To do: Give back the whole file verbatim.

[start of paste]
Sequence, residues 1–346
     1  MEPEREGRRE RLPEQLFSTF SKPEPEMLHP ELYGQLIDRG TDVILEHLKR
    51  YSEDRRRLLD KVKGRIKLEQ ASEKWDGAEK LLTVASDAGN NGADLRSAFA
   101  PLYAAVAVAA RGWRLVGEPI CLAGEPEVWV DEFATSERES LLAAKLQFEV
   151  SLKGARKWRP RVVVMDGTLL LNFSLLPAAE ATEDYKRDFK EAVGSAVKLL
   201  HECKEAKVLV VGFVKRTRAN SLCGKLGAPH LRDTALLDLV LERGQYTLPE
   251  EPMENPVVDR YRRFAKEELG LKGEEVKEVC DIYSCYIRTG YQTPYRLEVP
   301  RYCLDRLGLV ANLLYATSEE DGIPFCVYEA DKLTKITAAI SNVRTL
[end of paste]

Sequence, residues 1–346
     1  MEPEREGRRE RLPEQLFSTF SKPEPEMLHP ELYGQLIDRG TDVILEHLKR
    51  YSEDRRRLLD KVKGRIKLEQ ASEKWDGAEK LLTVASDAGN NGADLRSAFA
   101  PLYAAVAVAA RGWRLVGEPI CLAGEPEVWV DEFATSERES LLAAKLQFEV
   151  SLKGARKWRP RVVVMDGTLL LNFSLLPAAE ATEDYKRDFK EAVGSAVKLL
   201  HECKEAKVLV VGFVKRTRAN SLCGKLGAPH LRDTALLDLV LERGQYTLPE
   251  EPMENPVVDR YRRFAKEELG LKGEEVKEVC DIYSCYIRTG YQTPYRLEVP
   301  RYCLDRLGLV ANLLYATSEE DGIPFCVYEA DKLTKITAAI SNVRTL